American officials have openly acknowledged that key “rebel” leaders are killers and drug traffickers, who played bloody roles in the reign of terror carried out by the Haitian Army under the military junta that ruled for three years in the early 1990s. Yet, notwithstanding their so-called “war on terrorism,” they have not even suggested that these known criminals should be arrested and brought to justice.
A cynical division of labor has been worked out, under the aegis of US imperialism, between American military and diplomatic officials, the Haitian “political opposition” and the “rebels.” The armed thugs are covertly equipped and supported by Washington and allowed to do their bloody work, and then relegated to the background while Washington assembles a puppet regime dominated by the Haitian elite. Whatever role the “rebel” leaders officially play in a new regime, or even if they play no role at present, they are to be protected and held in reserve, to be called on again whenever it becomes necessary to unleash a new round of terror and murder on the masses.
On Wednesday, Philippe, a former police chief and reputed drug trafficker, announced that his forces would lay down their arms and abandon positions they had seized in the center of Port-au-Prince.
US officials had insisted that they were “sending a message” to Philippe and other “rebel” leaders that they would not be allowed to seize power. “The fact of the matter is they pledged to lay down their arms when President Aristide resigned, and so we are holding them to their pledge,” declared US Ambassador to Haiti James Foley.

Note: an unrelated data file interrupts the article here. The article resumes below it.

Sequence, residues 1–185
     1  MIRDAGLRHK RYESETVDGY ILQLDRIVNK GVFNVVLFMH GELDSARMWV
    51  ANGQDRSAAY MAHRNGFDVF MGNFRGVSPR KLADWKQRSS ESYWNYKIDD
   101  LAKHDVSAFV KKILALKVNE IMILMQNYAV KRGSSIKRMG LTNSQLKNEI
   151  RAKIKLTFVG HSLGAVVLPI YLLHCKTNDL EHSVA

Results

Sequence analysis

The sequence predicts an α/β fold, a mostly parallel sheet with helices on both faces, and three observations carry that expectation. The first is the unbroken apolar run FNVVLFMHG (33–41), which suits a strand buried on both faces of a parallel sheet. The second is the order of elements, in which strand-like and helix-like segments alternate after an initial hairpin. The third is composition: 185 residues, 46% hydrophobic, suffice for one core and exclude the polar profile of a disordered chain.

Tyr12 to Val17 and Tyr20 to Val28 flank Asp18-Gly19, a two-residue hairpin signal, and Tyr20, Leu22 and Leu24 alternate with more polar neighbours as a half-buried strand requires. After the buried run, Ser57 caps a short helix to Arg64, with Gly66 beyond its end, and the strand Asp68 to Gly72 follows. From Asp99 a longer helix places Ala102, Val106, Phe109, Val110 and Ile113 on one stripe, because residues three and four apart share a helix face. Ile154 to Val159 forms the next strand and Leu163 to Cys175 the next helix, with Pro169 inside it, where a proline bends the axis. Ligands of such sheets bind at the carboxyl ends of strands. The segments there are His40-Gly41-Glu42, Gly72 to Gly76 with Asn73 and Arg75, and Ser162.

“There is an orderly and constitutional process underway in Haiti,” said State Department spokesman Richard Boucher. “That process needs to be respected by all Haitians, but we’re glad to see the violence is decreasing. But the rebels have no role to play in this process, and they need to lay down their arms and go home.”
White House spokesman Scott McClellan made the same point somewhat more forcefully on Wednesday: “Our message to the rebels, or the so-called rebels, has been very clear: the rebels need to put their arms down and return home. There is no place for thugs, criminals, and the so-called rebels in Haiti’s political system.”
Yet the commander of the US forces in Haiti, Marine Col. Charles Gurganis, called Philippe “a man of honor” after meeting with him at the US embassy. Similarly, Interim President Boniface Alexandre, in his first address to the nation since being installed in a ceremony organized by the US embassy after Aristide was spirited out of the country, described Philippe and his cohorts as “patriotic men of honor.”
Contrast this approach to the US actions in Iraq, where the Bush administration repeatedly cites human rights abuses by the former Ba’athist regime as a supposed justification for its military intervention. There, US troops were provided playing cards featuring photographs of former members of the regime to be hunted down and imprisoned. Whatever crimes some of these officials may have carried out, unlike their Haitian counterparts from the Duvalier dictatorship and the military regimes of Generals Avril and Raoul Cedras, none of them had ever been convicted.